New York-based 1010data launched its analytical, private-cloud service way back in 2000, building a base of customers on Wall Street. Marquis customers include NYSE Euronext and a number of big banks, but the company has also branched out into retail, CPG, gaming, healthcare, government, and telecommunications.

1010data's columnar database supports massively parallel processing for scalability, but it's a proprietary design with its own query language that supports a subset of SQL functions plus broader query types including graph and time-series analyses. It also handles semi-structured data such as social network and machine data. Beyond the database, the company offers a complete stack including data integration, reporting, and data-visualization tools, as well as advanced analytic functions including statistical analysis, optimization, and machine learning.

1010data's private-cloud approach relieves customers of the burden of managing and scaling infrastructure. Centralized management and access controls and APIs support integration with back-end systems as well as broad access to information with "HIPAA-grade" security. The company has more than 250 customers. In contrast to a cloud provider such as Amazon, which delivers standardized (very-low-cost) services to tens of thousands of customers, 1010data is a custom services provider that crafts private-cloud applications and capabilities matched to customer needs.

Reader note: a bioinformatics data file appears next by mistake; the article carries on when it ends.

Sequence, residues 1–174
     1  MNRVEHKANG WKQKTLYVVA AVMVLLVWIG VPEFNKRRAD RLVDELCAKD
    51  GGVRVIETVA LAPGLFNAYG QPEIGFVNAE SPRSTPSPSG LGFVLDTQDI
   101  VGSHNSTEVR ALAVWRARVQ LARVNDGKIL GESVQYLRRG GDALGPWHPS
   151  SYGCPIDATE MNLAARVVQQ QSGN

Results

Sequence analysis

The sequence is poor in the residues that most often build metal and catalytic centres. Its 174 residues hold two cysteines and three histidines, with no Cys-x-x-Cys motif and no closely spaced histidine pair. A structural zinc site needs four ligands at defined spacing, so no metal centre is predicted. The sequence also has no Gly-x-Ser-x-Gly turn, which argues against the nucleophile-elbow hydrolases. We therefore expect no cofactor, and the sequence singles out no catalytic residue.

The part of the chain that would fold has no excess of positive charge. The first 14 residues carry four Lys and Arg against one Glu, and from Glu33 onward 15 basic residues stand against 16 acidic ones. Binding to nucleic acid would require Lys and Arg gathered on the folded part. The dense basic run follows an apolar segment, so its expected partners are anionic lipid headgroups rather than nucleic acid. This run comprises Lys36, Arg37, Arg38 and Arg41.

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D. Henschen
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D. Henschen,
User Rank: Author
1/30/2014 | 11:52:39 AM
It's time for this update
It has been little more than two years since we published our 12 Top Big Data Analytics Players collection, but so much has changed and so many new players have emerged that we needed this update. Over the last 26 months, all the big data-management vendors -- IBM, Microsoft, Oracle, SAP, Teradata -- have really embraced Hadoop. And whether they're adding SQL-on-Hadoop options -- a la Actian, InfiniDB/Calpont, and Pivotal -- or exploiting unprecidented levels of RAM -- as with Kognitio and SAP -- database management system suppliers are changing the scope and speed of their analysis capabilities.